Flocculation is carried out in enclosures equipped with agitation systems called flocculators. The reactor’s capacity and the energy dissipated will vary depending on the applications concerned, on the fluids to be treated or on the agitation system.
The flocculator receives water that has already been coagulated. The flocculator is characterised by (see coagulation-floculation) its velocity gradient (G), its contact time and the extreme local velocities of both the mobiles and the fluids. These velocities must not apply shear forces to the floc that could cause it to re-disperse.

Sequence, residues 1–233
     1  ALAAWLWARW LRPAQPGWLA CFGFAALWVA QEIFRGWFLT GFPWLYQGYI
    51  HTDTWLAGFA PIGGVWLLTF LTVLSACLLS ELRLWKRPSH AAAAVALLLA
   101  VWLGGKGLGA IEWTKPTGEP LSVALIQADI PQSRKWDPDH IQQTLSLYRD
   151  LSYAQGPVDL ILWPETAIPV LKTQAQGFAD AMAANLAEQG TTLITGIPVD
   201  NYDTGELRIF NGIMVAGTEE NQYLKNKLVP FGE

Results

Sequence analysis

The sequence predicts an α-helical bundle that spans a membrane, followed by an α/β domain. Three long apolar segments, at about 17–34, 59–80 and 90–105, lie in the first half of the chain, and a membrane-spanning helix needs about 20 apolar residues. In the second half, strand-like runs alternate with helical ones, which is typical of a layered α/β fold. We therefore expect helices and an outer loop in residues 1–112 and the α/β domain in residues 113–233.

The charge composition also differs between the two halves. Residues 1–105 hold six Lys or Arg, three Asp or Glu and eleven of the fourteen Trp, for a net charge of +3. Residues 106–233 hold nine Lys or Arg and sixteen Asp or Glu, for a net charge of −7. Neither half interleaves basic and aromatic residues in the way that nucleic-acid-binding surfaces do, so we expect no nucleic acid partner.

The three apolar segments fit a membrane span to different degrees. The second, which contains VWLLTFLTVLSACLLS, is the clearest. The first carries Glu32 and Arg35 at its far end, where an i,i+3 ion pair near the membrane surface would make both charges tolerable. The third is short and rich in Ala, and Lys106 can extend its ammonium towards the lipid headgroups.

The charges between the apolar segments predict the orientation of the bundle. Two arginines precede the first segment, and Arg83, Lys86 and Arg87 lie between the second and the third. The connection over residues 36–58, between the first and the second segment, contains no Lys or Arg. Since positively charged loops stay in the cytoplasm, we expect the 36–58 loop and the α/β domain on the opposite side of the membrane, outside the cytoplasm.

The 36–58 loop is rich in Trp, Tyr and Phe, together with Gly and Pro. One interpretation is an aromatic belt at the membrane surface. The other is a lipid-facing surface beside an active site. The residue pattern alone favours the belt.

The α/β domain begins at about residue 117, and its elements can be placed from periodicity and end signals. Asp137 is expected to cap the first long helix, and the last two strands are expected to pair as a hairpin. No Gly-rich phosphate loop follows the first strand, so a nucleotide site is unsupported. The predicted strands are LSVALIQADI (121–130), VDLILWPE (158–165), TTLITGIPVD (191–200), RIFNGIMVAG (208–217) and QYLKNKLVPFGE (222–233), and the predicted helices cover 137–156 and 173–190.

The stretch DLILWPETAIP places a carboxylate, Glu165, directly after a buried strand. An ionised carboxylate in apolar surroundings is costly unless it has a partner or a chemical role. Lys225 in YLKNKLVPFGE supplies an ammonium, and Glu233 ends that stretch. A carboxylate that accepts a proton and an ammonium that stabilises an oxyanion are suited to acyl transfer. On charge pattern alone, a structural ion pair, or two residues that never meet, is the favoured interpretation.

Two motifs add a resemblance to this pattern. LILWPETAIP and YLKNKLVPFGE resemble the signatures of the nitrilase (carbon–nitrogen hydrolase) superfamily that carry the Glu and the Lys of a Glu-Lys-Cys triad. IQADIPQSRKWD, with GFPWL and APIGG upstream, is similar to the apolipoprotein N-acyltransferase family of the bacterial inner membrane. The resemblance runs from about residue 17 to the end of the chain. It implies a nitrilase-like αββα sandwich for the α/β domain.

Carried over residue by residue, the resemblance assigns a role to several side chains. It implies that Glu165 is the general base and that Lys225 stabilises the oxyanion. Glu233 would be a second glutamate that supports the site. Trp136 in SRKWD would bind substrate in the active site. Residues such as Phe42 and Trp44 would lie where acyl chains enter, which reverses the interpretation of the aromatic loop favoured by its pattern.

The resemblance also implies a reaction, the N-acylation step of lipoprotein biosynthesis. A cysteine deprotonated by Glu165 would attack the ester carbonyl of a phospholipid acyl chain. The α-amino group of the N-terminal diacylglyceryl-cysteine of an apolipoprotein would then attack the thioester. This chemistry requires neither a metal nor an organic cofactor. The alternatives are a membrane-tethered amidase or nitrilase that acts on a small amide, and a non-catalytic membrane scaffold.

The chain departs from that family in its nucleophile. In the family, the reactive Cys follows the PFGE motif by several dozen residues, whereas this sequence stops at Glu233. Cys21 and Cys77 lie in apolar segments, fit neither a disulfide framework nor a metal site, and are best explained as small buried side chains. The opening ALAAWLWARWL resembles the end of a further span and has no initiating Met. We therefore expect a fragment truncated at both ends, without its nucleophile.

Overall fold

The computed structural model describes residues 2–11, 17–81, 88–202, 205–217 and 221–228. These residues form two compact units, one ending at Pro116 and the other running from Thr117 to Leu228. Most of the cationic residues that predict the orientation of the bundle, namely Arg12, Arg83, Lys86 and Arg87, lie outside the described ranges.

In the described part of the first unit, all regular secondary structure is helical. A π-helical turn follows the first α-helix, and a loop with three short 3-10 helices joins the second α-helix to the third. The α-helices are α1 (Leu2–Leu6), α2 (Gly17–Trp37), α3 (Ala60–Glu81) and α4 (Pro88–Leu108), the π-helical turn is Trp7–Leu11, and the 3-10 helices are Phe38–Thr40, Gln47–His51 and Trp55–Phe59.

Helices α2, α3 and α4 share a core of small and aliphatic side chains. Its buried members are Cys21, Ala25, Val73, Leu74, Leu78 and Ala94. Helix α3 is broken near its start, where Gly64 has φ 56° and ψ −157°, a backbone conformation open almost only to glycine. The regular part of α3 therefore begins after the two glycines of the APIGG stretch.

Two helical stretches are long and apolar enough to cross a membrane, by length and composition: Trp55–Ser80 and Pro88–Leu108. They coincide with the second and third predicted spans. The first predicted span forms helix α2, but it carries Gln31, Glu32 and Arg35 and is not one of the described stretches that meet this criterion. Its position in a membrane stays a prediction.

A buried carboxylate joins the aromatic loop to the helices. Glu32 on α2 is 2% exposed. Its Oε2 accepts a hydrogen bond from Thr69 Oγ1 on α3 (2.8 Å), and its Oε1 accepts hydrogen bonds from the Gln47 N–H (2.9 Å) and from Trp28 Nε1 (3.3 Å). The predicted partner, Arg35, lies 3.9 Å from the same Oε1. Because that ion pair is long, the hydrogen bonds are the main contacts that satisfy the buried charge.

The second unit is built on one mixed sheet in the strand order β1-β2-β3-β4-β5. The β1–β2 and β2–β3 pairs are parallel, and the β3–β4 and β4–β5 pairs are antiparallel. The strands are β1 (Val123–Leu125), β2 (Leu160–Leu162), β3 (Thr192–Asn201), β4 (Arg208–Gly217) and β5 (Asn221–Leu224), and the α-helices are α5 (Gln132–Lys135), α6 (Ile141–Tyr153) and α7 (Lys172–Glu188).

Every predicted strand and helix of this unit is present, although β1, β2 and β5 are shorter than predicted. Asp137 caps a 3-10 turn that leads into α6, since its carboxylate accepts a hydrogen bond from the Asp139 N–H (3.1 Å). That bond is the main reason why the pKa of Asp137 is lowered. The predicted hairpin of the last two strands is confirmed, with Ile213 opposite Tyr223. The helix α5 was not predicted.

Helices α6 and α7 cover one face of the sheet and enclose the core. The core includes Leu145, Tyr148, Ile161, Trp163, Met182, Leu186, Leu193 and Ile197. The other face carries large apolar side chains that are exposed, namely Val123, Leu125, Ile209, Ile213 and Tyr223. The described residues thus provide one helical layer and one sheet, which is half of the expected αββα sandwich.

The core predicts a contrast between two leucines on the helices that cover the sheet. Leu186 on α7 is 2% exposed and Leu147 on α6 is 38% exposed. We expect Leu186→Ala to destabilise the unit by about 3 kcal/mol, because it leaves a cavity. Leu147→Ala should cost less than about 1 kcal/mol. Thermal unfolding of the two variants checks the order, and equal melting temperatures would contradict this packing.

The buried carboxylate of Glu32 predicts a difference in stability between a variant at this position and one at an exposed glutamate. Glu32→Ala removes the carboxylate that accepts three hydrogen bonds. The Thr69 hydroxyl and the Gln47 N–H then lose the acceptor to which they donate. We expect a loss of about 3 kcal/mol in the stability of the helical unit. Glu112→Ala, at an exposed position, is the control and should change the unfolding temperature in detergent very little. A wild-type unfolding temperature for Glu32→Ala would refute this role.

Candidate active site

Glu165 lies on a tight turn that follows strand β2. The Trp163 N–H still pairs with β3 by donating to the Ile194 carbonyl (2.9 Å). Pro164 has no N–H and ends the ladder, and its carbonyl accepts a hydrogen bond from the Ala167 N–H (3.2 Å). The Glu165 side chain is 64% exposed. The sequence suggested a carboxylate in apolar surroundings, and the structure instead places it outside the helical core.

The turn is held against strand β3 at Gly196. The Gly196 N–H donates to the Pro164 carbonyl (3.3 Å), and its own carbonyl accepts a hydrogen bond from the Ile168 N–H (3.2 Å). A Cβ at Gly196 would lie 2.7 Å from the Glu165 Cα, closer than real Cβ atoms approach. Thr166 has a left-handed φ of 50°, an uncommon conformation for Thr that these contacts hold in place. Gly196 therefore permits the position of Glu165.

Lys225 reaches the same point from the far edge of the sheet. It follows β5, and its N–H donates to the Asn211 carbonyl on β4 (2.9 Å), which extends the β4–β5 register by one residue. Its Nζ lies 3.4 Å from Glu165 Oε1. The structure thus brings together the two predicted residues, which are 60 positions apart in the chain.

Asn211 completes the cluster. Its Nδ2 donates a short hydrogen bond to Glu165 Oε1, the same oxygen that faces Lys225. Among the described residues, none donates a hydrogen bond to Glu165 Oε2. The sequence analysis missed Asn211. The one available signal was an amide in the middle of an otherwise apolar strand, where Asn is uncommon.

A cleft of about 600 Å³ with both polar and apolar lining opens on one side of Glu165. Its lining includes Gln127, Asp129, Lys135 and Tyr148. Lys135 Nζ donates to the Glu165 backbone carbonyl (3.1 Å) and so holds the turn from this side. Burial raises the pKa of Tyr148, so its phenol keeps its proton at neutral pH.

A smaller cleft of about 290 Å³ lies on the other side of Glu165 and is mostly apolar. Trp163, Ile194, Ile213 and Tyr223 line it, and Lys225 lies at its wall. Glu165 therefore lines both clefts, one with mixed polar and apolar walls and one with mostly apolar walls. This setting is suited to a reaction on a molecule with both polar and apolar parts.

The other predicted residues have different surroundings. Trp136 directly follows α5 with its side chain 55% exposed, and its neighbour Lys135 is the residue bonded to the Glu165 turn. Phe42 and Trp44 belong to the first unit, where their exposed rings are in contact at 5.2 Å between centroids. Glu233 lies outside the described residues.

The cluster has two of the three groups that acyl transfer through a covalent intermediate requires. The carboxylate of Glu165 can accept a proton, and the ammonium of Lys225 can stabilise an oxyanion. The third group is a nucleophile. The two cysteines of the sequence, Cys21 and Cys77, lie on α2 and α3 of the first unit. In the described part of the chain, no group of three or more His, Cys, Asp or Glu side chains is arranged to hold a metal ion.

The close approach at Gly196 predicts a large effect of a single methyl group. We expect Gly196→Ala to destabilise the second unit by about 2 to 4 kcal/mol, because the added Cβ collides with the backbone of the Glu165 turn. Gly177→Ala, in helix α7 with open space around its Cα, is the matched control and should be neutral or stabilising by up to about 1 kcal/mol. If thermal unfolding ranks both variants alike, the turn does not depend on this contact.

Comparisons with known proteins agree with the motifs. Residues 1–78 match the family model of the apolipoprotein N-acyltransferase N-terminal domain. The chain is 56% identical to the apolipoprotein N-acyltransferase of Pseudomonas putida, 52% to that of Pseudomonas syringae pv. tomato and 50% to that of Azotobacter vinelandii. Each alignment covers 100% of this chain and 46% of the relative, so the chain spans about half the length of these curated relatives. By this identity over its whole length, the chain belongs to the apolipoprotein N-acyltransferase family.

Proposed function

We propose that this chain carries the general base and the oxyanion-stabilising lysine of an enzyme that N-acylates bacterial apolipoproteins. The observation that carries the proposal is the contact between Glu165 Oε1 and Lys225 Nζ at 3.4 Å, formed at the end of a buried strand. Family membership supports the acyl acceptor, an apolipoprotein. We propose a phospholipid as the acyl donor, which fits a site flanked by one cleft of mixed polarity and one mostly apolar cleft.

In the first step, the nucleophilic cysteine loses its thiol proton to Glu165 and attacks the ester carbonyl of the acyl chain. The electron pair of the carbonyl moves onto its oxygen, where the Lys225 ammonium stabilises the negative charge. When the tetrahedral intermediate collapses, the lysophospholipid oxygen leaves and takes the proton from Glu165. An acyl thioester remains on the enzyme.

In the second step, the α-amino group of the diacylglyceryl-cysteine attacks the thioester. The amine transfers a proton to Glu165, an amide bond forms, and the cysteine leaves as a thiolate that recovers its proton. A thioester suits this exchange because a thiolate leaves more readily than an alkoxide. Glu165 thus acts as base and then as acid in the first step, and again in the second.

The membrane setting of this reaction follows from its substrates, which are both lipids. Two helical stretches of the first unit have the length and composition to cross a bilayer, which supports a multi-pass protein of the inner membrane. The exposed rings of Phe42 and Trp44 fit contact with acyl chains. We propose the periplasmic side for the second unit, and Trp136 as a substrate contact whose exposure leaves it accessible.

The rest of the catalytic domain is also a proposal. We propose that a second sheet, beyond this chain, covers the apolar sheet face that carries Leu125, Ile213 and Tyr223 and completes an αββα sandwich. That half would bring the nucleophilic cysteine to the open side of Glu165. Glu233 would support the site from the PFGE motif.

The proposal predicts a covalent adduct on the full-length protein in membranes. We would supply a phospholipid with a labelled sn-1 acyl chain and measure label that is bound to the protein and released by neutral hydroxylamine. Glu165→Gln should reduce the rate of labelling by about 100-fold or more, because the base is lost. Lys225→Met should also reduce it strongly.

The tank, agitation system and auxiliary equipment have been designed so ensure that all geometric parameters will:
- prevent the formation of dead spots (area where a deposit is formed on the tank floor, for instance);
- dissipate the energy as effectively as possible throughout the tank (use of peripheral baffles in circular units, for example);
- limit any short circuits between fluid intake and discharge as much as possible.
Finally, once the floc has been formed, it is important that it is not broken up during its transfer from the flocculator to the sedimentation or floatation zone. Depending on the quality of the treated water, appropriate transfer velocities must be applied. For example when clarifying surface water over metal hydroxide floc:
- fragile: v ≤ 0.20 m · s–1;
- firm: v ≤ 0.50 m · s–1.
There are two groups of flocculators:
- those that include a mobile agitator unit (mechanical flocculators);
- offset baffle or static flocculators.